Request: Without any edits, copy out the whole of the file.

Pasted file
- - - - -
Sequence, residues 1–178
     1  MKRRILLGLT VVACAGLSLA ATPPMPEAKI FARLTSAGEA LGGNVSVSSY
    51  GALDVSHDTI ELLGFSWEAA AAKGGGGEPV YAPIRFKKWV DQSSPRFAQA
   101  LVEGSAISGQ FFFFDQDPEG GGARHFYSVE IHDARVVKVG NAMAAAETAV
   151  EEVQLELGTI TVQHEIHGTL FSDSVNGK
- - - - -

Sequence, residues 1–178
     1  MKRRILLGLT VVACAGLSLA ATPPMPEAKI FARLTSAGEA LGGNVSVSSY
    51  GALDVSHDTI ELLGFSWEAA AAKGGGGEPV YAPIRFKKWV DQSSPRFAQA
   101  LVEGSAISGQ FFFFDQDPEG GGARHFYSVE IHDARVVKVG NAMAAAETAV
   151  EEVQLELGTI TVQHEIHGTL FSDSVNGK